In a recent study, raters examining before-and-after photos of facelift… (S.Jezerinac/Custom Medical…)
It turns out plastic surgery really does make you look younger, one study has found — on average, in the case of one Canadian doctor’s patients, 7.2 years younger.
Some plastic surgeons “tend to use the terms more youthful and more refreshed, but precise quantification of these attributes has remained elusive,” a team of cosmetic surgeons wrote in a study published Monday in the Archives of Facial Plastic Surgery (italics theirs).
Hoping to come up with “an objective measure of surgical success” — and not have to depend solely on patient-reported satisfaction to assess the success of cosmetic surgery procedures — the researchers, from the University of Toronto in Canada and the NorthShore University Health System in Evanston, Ill., asked first-year medical students to view pictures of 60 patients (54 women and six men, age 45 to 72) upon whom one of the physicians, Dr. Peter A. Adamson, had operated. Of the surgical patients, 22 had facelifts and neck lifts only, 17 also had surgery on their upper and lower eyelids and 21 had the first two procedures as well as forehead lifts.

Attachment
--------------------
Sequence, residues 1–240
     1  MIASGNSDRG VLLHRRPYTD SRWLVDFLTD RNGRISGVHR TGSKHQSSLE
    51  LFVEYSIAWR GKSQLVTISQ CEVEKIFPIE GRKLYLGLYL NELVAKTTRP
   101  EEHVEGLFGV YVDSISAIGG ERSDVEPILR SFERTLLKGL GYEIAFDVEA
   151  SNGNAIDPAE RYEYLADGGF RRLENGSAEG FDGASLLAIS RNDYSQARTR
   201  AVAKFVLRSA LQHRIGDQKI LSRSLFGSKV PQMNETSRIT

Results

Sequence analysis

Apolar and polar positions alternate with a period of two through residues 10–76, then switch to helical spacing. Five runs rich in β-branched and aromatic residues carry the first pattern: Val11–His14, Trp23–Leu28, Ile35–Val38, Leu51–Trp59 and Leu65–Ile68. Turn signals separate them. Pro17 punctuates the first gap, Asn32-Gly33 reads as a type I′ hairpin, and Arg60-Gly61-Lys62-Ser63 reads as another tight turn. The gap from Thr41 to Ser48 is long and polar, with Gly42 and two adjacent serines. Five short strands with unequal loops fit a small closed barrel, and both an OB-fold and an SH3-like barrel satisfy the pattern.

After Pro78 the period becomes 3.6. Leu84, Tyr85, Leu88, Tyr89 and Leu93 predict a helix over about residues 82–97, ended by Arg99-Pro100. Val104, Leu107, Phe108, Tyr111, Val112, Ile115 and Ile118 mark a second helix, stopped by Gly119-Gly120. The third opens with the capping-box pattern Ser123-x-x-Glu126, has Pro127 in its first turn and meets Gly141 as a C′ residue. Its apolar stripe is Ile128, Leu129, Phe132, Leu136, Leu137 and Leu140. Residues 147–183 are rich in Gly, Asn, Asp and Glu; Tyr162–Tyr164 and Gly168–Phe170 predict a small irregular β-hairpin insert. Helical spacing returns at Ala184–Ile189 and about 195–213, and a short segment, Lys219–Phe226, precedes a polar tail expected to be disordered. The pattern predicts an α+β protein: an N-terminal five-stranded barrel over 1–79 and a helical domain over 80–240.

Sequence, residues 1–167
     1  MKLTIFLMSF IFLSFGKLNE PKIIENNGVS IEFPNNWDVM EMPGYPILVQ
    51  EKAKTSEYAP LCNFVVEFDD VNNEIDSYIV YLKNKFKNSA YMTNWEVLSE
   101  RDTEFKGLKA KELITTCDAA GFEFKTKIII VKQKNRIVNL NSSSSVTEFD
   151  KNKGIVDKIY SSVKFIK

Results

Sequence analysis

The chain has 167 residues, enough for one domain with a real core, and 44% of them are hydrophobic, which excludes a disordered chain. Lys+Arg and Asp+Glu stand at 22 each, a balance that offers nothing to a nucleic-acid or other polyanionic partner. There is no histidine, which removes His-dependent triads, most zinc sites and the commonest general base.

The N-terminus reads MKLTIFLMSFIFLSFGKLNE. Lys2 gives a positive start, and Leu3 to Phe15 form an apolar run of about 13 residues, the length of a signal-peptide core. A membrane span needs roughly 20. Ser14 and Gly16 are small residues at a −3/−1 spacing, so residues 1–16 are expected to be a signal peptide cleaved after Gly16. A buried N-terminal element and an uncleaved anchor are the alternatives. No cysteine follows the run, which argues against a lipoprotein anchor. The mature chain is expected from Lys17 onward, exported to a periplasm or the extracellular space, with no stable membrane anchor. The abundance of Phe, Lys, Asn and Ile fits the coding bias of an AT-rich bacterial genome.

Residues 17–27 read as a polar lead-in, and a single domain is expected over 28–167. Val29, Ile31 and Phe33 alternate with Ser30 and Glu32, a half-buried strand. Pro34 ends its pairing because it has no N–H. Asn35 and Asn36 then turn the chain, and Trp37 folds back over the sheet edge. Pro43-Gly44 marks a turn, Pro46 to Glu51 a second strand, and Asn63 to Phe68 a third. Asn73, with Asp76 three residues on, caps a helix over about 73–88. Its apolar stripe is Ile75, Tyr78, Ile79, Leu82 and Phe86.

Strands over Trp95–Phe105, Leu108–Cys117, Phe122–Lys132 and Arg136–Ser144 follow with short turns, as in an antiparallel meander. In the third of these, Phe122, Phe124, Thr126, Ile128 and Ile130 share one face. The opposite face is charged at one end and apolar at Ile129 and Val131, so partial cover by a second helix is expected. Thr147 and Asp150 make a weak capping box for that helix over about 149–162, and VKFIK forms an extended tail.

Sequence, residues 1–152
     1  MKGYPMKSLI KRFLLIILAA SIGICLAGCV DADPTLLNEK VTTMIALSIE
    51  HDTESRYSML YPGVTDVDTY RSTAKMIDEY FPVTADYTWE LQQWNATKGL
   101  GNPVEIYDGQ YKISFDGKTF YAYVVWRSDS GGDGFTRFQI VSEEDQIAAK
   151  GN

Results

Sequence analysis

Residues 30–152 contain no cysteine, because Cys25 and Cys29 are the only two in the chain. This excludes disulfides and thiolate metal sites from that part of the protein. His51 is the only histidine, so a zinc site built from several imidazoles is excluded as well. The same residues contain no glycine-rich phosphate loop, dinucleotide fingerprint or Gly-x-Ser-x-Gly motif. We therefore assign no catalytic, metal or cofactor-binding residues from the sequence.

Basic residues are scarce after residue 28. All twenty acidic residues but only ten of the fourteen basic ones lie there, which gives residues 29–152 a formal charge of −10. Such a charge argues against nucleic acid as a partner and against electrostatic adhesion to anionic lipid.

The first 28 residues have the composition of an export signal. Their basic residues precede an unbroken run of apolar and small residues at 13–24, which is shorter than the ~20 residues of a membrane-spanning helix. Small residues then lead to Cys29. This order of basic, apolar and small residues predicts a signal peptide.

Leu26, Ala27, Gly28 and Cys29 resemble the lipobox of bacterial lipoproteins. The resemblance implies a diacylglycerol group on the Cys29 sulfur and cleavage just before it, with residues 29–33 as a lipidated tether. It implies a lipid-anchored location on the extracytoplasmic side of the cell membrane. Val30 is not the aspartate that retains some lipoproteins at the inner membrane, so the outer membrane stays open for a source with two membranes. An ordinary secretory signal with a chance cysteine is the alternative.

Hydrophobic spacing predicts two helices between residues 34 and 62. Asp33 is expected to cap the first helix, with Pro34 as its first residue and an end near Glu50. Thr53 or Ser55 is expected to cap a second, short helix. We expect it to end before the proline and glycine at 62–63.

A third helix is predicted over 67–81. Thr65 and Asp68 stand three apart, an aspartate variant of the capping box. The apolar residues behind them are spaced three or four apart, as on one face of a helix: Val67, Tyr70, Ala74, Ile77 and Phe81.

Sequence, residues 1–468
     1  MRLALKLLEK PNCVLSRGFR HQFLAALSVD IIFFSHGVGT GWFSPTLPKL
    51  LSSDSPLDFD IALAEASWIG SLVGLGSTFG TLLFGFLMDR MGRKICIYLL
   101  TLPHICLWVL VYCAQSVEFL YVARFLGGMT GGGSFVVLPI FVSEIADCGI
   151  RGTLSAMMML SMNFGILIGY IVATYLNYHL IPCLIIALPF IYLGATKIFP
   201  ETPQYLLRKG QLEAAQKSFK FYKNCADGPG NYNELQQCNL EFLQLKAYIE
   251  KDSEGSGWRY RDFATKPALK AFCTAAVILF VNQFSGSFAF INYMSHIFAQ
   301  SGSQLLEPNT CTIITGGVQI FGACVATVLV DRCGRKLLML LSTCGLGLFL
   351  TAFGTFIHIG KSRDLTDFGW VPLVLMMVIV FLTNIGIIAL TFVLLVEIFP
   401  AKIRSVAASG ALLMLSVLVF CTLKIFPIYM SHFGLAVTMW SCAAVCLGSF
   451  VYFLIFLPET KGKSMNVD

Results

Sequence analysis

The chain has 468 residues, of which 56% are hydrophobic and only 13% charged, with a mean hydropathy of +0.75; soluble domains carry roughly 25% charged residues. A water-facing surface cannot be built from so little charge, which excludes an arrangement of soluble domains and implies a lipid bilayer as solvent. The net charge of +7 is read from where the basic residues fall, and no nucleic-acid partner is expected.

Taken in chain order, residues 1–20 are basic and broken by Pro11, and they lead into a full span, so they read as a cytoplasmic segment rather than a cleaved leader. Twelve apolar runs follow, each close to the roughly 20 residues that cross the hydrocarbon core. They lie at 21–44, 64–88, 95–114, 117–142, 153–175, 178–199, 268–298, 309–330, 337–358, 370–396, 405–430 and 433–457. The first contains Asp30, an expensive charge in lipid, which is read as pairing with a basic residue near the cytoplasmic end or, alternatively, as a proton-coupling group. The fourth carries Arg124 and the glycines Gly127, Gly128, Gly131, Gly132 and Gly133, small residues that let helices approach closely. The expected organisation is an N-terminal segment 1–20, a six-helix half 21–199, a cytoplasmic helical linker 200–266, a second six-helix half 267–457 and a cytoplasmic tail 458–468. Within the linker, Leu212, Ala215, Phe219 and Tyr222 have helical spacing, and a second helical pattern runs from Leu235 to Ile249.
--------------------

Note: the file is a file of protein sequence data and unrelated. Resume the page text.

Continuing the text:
The 40 medical-student “raters” were divided into four groups of 10. Each group viewed the same set of randomized patient photos — 30 pictures for each group, including photographs from before and six months after surgery — and provided estimated ages for the patients. On average, the med students estimated that the patients were 1.7 years younger than their actual chronological age before surgery and 8.9 years younger than their chronological age after surgery.
Patients who had more procedures generally looked younger, the raters reported. For patients in the first group, who had facelifts only, perceived age fell 5.7 years; in the facelift and eyelid group, it fell 7.5 years and in the group that also had forehead lifts it fell 8.4 years.
In other words, at least when it comes to Adamson’s patients, it’s not just surgery recipients who seem to think they look younger — plausibly younger, the surgeons suggested.
“Our results show a modest but significant reduction in perceived age after aesthetic facial surgery,” the co-authors wrote. “Although motivations for aesthetic surgery may vary, a prevailing concept includes the desire to achieve a more youthful appearance while maintaining one’s unique attributes and identifying characteristics. Given these expectations, a mean 7.2-year reduction in perceived age is indeed consistent with this goal.”